I began by introducing the core problem: Storage isn’t getting any cheaper due to storage utilization and provisioning problems. Thin provisioning isn’t all it’s cracked up to be, but it has a place. So what’s wrong with it?
The problem with thin provisioning starts with the telephone game. Did you ever play the telephone game as a kid? Maybe you whisper “I like potatoes” to the first person in a circle and when it comes back to you it’s changed to “Meet Mike on the patio” or something like that. It’s a totally different message.
What happens in the telephone game is that a little bit of information gets lost at each step along the path, and at the end of the chain you’ve basically lost all the information. And this happens all the time in computers, especially in data storage.
We storage guys are stuck at the bottom of a stack that includes many layers. Each of those layers loses something in translation, mostly because it’s pretending to be something that it’s not.
Think about storage today: We’ve got fake file systems pretending to live on fake discs that pretend to be directly connected to your computer. But they’re not.
Everything we do in enterprise storage is basically faking out something else so compatibility is maintained. And at each step (the file system, the database, the host, the network) you’re losing information. By the time you get to the storage system, there’s just no communication whatsoever.
This is the core problem with thin provisioning. The application knows what data is temporary, and that would be very useful for the storage system to act upon. But by the time the data gets there, the message is lost. Maybe the application tells a database. Maybe the database tells the file system. Maybe the file system tells the volume manager. But, that’s about as far is it’s going to go. So, this is really the issue. It’s the telephone game.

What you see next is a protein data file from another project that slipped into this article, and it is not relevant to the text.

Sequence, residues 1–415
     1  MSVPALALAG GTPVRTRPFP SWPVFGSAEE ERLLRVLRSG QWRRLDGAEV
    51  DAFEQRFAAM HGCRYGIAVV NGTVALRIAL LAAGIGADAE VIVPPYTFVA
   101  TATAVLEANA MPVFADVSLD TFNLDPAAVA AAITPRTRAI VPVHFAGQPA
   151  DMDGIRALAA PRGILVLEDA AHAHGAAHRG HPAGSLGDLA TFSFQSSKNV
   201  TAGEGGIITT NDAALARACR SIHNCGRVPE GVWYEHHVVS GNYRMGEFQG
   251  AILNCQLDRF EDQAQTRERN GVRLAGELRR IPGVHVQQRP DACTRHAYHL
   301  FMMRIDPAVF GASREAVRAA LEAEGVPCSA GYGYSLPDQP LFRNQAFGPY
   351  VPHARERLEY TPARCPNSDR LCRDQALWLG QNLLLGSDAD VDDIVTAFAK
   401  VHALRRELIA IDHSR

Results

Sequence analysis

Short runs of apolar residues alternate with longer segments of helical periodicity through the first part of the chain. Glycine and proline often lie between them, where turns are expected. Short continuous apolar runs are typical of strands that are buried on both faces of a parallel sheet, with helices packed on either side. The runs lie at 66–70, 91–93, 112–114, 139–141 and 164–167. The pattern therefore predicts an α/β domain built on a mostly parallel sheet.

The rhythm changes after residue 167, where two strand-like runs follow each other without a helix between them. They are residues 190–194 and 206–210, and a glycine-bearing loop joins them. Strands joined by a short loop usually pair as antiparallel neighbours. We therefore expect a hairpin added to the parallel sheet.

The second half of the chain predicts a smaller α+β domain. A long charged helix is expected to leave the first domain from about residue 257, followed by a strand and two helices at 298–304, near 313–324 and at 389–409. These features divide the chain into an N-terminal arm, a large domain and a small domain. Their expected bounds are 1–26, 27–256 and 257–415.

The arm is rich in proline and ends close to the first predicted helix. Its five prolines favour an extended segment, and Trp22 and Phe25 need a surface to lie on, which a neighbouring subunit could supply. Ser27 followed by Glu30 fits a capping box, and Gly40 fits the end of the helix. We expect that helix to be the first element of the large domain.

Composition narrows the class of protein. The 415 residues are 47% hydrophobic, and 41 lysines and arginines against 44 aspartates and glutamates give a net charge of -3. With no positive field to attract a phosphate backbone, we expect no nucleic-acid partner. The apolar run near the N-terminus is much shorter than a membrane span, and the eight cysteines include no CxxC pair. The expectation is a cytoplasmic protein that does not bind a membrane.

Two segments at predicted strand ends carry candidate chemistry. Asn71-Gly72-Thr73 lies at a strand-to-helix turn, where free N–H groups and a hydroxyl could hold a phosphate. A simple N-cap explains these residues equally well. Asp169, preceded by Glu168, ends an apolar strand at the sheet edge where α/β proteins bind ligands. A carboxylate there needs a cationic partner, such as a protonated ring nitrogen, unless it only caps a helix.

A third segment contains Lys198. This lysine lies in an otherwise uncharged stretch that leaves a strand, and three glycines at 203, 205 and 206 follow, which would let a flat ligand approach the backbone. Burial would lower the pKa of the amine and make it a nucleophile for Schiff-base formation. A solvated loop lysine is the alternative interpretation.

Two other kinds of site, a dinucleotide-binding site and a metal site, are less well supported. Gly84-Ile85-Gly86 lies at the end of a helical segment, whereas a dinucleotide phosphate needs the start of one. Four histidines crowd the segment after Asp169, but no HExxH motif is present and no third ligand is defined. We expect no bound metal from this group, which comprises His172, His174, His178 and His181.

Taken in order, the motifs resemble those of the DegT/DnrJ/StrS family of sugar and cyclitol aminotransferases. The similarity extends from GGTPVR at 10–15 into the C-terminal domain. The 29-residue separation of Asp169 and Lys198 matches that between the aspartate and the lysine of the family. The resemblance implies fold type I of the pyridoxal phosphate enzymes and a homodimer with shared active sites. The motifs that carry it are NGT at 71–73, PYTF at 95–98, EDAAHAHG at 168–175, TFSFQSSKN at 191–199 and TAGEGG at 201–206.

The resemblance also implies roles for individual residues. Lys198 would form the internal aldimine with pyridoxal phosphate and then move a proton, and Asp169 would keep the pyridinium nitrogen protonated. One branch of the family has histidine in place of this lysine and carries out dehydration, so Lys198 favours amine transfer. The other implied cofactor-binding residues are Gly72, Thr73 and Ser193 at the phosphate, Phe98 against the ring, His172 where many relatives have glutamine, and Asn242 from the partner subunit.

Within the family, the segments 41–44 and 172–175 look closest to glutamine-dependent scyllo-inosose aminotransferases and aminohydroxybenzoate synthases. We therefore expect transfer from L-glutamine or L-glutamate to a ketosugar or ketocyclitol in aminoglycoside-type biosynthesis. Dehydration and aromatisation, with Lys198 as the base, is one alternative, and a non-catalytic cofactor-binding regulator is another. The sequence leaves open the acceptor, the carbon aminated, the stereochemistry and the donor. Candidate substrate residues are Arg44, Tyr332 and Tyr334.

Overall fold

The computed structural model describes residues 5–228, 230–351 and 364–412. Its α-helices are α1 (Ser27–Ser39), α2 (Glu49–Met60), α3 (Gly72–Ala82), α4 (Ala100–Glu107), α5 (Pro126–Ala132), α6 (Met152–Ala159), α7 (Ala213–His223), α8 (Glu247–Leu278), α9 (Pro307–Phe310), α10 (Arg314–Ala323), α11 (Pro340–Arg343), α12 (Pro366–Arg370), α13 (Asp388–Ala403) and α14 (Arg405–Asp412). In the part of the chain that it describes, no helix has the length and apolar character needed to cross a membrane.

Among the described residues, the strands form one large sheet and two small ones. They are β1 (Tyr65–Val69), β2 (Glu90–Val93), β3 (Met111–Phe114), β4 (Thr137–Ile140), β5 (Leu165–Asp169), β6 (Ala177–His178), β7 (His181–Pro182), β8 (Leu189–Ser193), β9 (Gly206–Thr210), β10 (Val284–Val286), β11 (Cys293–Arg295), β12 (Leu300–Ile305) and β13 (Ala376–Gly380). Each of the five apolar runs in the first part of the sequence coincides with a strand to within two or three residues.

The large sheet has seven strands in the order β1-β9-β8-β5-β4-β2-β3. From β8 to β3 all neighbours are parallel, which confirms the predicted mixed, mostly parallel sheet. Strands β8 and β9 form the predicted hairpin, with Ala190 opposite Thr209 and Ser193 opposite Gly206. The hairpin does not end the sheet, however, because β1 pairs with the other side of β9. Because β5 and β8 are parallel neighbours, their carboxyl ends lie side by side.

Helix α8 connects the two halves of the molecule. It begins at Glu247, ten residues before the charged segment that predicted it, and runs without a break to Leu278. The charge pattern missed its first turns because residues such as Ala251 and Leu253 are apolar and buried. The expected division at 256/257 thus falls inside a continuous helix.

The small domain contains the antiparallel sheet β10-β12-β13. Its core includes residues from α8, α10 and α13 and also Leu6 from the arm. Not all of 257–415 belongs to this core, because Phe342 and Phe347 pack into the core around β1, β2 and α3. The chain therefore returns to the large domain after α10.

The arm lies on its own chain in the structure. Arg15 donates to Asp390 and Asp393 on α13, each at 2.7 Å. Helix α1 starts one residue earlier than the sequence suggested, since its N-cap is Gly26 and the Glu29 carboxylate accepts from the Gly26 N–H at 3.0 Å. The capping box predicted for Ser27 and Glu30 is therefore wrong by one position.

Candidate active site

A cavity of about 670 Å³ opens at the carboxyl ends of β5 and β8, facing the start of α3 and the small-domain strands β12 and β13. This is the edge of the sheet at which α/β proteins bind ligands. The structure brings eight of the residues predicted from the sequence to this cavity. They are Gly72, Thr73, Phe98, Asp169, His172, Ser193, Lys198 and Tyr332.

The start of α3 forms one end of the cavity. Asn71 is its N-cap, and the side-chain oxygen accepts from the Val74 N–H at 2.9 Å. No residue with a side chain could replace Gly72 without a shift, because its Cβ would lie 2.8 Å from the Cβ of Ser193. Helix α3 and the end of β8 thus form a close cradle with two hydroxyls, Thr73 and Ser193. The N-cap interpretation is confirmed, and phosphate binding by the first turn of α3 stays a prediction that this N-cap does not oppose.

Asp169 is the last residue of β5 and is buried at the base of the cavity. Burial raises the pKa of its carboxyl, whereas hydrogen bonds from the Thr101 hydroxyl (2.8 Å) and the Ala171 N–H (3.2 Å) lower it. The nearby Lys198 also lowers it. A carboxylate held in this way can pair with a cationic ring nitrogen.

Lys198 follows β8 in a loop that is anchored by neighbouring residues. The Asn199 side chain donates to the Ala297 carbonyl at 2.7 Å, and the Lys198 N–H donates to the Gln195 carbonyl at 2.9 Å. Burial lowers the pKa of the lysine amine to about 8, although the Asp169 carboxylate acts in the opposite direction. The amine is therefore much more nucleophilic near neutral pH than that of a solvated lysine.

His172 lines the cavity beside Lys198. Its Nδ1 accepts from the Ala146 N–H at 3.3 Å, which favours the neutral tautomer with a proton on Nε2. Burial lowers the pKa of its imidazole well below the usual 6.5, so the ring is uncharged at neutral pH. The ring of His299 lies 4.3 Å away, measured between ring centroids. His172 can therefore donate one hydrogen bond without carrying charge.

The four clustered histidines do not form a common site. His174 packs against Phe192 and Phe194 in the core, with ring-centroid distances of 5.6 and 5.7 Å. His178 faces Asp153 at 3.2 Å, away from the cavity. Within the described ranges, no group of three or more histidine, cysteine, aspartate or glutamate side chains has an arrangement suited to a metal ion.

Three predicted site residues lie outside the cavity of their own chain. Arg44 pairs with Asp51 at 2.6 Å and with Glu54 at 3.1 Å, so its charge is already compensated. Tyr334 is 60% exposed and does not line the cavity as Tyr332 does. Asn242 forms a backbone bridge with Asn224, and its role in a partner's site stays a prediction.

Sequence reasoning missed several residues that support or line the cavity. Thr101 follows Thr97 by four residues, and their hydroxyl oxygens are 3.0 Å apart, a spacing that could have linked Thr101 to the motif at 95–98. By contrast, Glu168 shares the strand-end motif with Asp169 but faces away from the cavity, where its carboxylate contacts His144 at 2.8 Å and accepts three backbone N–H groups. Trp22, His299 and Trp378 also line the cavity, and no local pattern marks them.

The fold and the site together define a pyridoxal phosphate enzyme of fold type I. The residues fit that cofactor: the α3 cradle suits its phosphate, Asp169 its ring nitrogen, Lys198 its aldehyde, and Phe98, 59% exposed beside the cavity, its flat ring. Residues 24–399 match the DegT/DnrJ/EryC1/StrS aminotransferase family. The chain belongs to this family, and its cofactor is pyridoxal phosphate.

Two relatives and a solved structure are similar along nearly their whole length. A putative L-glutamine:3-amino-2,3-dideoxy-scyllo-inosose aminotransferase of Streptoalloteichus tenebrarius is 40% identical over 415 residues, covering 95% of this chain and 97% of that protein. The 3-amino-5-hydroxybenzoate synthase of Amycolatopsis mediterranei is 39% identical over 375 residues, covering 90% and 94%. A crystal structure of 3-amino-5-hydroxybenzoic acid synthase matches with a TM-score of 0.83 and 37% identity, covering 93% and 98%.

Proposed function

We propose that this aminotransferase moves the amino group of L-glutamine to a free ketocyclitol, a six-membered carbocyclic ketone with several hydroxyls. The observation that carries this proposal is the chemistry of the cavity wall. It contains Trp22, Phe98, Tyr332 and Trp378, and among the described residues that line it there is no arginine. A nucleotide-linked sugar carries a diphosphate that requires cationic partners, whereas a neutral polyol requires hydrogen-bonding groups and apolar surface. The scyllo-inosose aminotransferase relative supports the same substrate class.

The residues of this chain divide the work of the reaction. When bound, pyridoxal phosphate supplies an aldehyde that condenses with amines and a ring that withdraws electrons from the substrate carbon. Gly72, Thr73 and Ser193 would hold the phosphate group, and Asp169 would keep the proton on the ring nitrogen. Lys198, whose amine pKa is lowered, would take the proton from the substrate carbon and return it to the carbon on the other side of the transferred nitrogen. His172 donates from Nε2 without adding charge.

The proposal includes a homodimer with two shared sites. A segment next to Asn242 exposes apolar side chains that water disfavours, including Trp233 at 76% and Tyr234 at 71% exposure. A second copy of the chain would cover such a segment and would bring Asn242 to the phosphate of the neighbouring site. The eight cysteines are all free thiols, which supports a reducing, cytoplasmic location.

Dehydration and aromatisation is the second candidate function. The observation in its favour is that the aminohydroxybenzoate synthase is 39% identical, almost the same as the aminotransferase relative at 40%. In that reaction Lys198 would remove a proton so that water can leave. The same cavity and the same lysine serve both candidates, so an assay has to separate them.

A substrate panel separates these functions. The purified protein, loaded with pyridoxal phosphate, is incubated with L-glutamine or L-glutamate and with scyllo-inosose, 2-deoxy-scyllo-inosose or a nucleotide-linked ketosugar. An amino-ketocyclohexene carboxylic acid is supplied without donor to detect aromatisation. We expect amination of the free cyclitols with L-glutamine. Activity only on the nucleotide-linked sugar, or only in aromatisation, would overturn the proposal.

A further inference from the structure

Let’s say we have a file system and some storage. We want to write some data. So, the file system says, “Hey, here’s my new block.” And the storage says, “Yeah, I got it.”
This is the classic way of doing thin provisioning. So the storage system is now only using the little blue box. The file system adds some new data, then some more data, and the storage just keeps growing. The rest of the space can be reallocated.
We’re good so far. This is so simple that most products in storage now have something like this. Of course, it took them 10 years to do it, but they finally have it.
So, we’re good. We can allocate storage. But, what about deallocate?
If I delete something, I have to tell the storage, and then it has to shrink the allocated capacity. But we’re not doing that. Most file systems don’t actually send that information on. When you delete a file, most file systems actually write more data instead of actually deleting anything.
Thin reclamation is the core technical challenge to thin provisioning, and the telephone game is the reason. Next we’ll present some solutions that are currently being worked out.
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